One of the reasons classism is such a smothering structure to live under as a working-class person is that the world instantly imposes limitations on you. This isn’t just an issue of attitudes, although that is a very real problem, but of systemic privilege. Fee-paying schools invest heavily in extra-curricular activities like drama in a way my school never did. We never had the facilities to mount lavish theatrical productions. Acting and being involved in the arts seemed like such an impossibility to my adolescent self, and that doesn’t even include the ways teachers actively discouraged us from applying to certain universities that were seen as out of our league. Don’t bother with those dreams. Those doors aren’t open for you.

I think a lot about the opportunities that would have been open to Katie Jarvis had she had what our classist society has deemed ‘the right upbringing.’ We expect actors to go to the ‘right schools’ and schmooze with the ‘right people’ and that almost entirely excludes the working classes. Indeed, it’s partly designed to do so. Imagine if she’d been at a school with an excellent drama department that had noticed her natural skills the way Andrea Arnold’s casting director had. Think of the great roles she could have been offered if she had those people in her corner. Instead, Britain sees a working-class actor and thinks ‘soap opera’. This is not to denigrate Eastenders, which is a genuine cultural institution in Britain, but it speaks to those endless limitations the working classes are burdened with.

Jarvis has been shamed for not being how society characterizes actors. The idea we have of this dream is that once you’ve made it, you’re set for life. You starred in one highly acclaimed indie movie so of course you’ll be rolling in it and never again have to worry about paying the bills. As many actors on Twitter reminded us, that’s seldom the truth. You scrape by on the occasional gig then go back to cleaning offices or temp work or literally any job that will keep you going until you can land another audition. Being a jobbing actor is an endlessly precarious occupation, one that seldom commands public respect because it’s seen as the domain of monied luvvies. Then again, when the only image we want to sell the world of British acting is one of the upper classes, people who have financial safety nets at every turn, can we really be surprised that our optics are so skewed?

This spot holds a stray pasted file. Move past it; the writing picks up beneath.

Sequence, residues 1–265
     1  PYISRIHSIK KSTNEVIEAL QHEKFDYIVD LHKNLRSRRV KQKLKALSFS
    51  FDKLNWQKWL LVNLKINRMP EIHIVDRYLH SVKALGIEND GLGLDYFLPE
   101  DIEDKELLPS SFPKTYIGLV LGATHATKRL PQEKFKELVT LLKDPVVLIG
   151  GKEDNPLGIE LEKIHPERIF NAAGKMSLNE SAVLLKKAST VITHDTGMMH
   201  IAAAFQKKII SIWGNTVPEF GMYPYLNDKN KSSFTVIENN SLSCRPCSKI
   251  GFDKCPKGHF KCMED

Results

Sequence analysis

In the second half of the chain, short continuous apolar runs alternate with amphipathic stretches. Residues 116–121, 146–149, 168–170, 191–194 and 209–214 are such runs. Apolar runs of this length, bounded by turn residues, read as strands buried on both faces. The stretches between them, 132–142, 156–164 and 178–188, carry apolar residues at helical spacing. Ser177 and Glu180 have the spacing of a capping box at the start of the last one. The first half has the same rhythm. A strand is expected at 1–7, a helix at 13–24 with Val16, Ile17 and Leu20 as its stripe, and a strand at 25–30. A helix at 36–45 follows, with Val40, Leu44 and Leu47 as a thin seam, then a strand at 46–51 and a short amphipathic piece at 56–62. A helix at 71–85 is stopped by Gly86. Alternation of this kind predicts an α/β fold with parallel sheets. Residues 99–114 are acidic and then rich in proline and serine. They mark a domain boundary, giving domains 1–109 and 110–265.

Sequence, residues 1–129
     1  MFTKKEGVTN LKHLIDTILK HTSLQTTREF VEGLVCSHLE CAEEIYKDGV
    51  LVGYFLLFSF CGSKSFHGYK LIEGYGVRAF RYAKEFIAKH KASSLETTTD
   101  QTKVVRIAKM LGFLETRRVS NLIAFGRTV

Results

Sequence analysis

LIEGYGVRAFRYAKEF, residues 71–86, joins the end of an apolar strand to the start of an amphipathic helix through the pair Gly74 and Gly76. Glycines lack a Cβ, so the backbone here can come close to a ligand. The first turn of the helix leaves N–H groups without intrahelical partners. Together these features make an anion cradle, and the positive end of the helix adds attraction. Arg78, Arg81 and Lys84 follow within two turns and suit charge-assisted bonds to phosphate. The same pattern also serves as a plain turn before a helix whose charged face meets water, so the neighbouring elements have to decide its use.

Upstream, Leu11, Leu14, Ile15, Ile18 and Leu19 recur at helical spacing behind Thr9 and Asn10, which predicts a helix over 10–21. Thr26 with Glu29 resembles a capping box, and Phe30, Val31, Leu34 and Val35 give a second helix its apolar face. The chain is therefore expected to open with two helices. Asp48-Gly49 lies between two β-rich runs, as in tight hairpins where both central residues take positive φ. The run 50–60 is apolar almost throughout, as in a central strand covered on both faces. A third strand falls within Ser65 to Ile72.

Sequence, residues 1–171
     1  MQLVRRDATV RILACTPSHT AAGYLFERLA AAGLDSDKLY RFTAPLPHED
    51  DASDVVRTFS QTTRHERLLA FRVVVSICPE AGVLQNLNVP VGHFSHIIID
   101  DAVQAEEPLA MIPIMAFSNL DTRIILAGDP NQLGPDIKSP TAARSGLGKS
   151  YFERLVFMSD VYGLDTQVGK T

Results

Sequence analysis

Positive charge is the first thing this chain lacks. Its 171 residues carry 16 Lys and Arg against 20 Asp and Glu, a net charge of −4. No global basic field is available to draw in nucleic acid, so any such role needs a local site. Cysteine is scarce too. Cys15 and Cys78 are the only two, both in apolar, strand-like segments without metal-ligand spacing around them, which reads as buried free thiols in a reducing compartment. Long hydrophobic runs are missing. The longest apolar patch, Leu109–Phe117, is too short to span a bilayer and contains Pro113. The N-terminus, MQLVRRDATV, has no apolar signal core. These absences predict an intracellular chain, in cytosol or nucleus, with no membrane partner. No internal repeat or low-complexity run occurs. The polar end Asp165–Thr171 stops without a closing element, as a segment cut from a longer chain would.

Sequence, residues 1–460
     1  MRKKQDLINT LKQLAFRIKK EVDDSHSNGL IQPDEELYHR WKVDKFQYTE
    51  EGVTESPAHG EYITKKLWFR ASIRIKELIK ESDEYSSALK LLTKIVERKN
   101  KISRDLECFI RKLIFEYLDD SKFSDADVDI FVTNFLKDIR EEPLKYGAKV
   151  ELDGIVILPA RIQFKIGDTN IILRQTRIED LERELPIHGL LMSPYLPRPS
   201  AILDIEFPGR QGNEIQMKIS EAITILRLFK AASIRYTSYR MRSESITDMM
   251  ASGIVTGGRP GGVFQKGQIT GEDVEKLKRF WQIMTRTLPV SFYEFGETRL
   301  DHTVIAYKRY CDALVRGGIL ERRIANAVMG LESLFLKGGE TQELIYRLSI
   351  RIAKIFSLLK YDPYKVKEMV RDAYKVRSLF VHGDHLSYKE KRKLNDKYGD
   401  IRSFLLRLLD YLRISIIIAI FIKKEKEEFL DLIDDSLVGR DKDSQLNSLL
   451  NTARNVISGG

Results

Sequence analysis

I hope Katie Jarvis is happy and ignoring all this cruel press. She’s doing what a lot of people wouldn’t have the nerve to do and she’s looking after her family while vultures try to turn her into yet another ‘acceptable working-class scum’ target. We’ve seen this cycle all too many times before. The suffocating force of inequality continues to splinter Britain even as the privileged powers that be try to force an image of unity built on a monolithic version of Britishness that represents only the tiniest percentage of the population. The way Jarvis has been treated is but one reminder of that. Let her be and perhaps we can work harder to ensure that working-class kids don’t feel like their dreams aren’t worth chasing.

Have you seen Fish Tank? You should watch Fish Tank.




Kayleigh is a features writer for Pajiba. You can follow her on Twitter or listen to her podcast, The Hollywood Read.


Header Image Source: YouTube // Criterion